The four nonresident respondents appeared specially, and denied the jurisdiction of the Probate Court. The judge sustained their position, and dismissed the petition, awarding costs and expenses to counsel for the petitioner and to counsel for the nonresident respondents. The petitioner appealed, as unquestionably he had a right to do. Monroe v. Cooper, 235 Mass. 33, 34. Doane v. Bigelow, 293 Mass. 406, 409. Bolster v. Attorney General, 306 Mass. 387. James M. Keyes also appealed. We do not intimate that he had no right to appeal, although we need not decide the question. See Eliot v. Eliot, 10 Allen 357; Pierce v. Gould, 143 Mass. 234; Robinson v. Dayton, 190 Mass. 459; Sullivan v. Lloyd, 221 Mass. 108.

Plainly the sum in question, considered apart from its relation to the estate of the decedent, was not shown to be a res within this Commonwealth. The record does not show what assets, if any, the petitioner holds, nor the value of the share in such assets to which Fred A. Quirk is entitled. The petition does not seek a decree quasi in rem with respect to such share or to any res within the Commonwealth. Pond v. Simpson, 251 Mass. 325. Clark-Wilcox Co. v. Northwest Engineering Co. 314 Mass. 402.

The normal remedy of the petitioner is to be sought in some jurisdiction in which Fred A. Quirk can be found and served with process. But the petitioner contends that the Probate Court for the county of Suffolk has jurisdiction (a) because the will was proved and allowed in that court, (b) because if the "nomination" should prove to be invalid said sum would be an asset of the estate, and (c) because Fred A. Quirk and the other nonresident respondents named in the petition entered in that court into an agreement for compromise and all of them except Athelia C. Quirk assented to the petition for the allowance of the will and the appointment of the petitioner as administrator with the will annexed.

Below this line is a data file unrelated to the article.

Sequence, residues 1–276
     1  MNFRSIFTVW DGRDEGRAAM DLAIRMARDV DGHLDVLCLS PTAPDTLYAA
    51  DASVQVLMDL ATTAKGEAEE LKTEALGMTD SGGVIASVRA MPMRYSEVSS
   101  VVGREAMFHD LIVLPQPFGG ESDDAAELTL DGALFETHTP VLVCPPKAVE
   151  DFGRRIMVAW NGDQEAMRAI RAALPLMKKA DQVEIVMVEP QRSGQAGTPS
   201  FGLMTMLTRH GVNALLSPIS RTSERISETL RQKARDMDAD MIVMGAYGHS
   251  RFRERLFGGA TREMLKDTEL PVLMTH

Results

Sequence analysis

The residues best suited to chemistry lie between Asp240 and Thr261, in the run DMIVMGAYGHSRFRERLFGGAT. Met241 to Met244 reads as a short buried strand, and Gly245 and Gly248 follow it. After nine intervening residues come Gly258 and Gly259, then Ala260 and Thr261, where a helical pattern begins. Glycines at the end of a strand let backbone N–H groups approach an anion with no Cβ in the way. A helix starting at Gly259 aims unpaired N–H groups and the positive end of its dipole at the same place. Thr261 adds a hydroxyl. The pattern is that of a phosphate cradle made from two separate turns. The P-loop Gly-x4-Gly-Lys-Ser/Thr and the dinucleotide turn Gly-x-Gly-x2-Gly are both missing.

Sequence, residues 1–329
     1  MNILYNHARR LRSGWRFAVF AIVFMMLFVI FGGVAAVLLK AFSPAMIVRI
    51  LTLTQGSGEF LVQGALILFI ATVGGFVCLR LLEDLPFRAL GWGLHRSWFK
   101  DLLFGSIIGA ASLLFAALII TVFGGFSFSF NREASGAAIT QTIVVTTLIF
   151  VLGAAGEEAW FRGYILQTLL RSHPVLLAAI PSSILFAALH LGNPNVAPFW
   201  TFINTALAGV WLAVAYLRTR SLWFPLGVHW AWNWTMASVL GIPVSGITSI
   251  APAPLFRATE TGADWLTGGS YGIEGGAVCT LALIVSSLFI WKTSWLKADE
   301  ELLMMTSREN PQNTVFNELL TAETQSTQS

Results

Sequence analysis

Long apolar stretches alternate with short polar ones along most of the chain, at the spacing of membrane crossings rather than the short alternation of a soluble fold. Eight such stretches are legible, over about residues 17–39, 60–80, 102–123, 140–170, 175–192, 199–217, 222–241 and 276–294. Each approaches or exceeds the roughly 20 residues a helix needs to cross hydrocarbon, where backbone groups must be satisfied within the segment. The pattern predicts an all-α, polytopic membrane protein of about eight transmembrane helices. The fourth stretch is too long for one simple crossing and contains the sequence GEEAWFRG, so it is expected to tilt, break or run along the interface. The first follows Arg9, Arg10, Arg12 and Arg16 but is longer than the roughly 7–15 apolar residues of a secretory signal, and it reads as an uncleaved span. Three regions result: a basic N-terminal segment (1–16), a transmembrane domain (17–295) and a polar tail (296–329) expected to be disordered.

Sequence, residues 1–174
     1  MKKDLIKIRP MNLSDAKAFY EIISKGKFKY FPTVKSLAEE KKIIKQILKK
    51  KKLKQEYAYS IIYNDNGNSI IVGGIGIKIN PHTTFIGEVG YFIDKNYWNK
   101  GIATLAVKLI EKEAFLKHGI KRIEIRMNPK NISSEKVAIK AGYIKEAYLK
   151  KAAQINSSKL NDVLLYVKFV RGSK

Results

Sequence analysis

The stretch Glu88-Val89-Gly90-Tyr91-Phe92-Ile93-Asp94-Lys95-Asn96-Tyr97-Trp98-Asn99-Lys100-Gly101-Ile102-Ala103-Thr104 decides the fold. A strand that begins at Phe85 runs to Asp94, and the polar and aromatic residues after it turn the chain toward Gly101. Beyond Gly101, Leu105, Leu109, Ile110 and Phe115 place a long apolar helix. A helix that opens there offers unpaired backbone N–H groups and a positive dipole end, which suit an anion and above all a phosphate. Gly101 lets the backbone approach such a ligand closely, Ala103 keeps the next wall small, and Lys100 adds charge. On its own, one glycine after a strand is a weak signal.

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The petition is brought under G. L. (Ter. Ed.) c. 215, Section 6, as amended, which gives a Probate Court jurisdiction in equity, concurrent with that of other courts of equity, "in cases involving in any way the estate of a deceased person." That statute "gives the Probate Court only `jurisdiction within the scope of general equity jurisprudence as to the cases and matters therein named.'" Geen v. Old Colony Trust Co. 294 Mass. 601, 603. Lord v. Cummings, 303 Mass. 457, 459. It gives the Probate Court no jurisdiction or power that the Superior Court would not have were the case begun there. Bennett v. Kimball, 175 Mass. 199. Green v. Gaskill, 175 Mass. 265, 268. See also Stowell v. Ranlett, 238 Mass. 599. If a proceeding in equity would be a possible means of recovering the sum in question, and that sum if recovered would be an asset of the estate, then the statute gives the Probate Court jurisdiction of the present petition, so far as the parties may be before the court. Walsh v. Mullen, 314 Mass. 241, 244. Malone v. Walsh, 315 Mass. 484. Donaghy v. Kerwin, 317 Mass. 559, note.

The petitioner contends that the nonresident respondents were before the court because their acts amounted to a general appearance upon the petition. It is true that in some instances a general appearance of a nonresident in one proceeding has been held to bring him before the court for the determination of the whole controversy which is incidental to that proceeding and of which that proceeding forms a part. G. L. (Ter. Ed.) c. 227, Section 2. Aldrich v. E. W. Blatchford & Co. 175 Mass. 369. Adams v. Grundy & Co. Inc. 256 Mass. 246. Murray v. Wood, 144 Mass. 195, 197. Wells v. Wells, 209 Mass. 282, 290. Dadmun v. Dadmun, 279 Mass. 217. Parkhurst v. Almy, 222 Mass. 27, 33, 34. Michigan Trust Co. v. Ferry, 228 U.S. 346. New York Life Ins. Co. v. Dunlevy, 241 U.S. 518. Indiana Transportation Co., petitioner, 244 U.S. 456. Leman v. Krentler-Arnold Hinge Last Co. 284 U.S. 448, 454.

But in the present case we think that there is no such connection between the proceeding in rem for the probate of the will, and the subsequent proceeding by the petitioner

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to bring into the estate the sum in question, as to extend to that subsequent proceeding a voluntary appearance entered in the earlier proceeding. No such connection would exist if the subsequent proceeding were in the Superior Court. The fact that it is in the Probate Court makes no difference in principle. See Gonzales v. Gonzales, 240 Mass. 159.

Decree affirmed.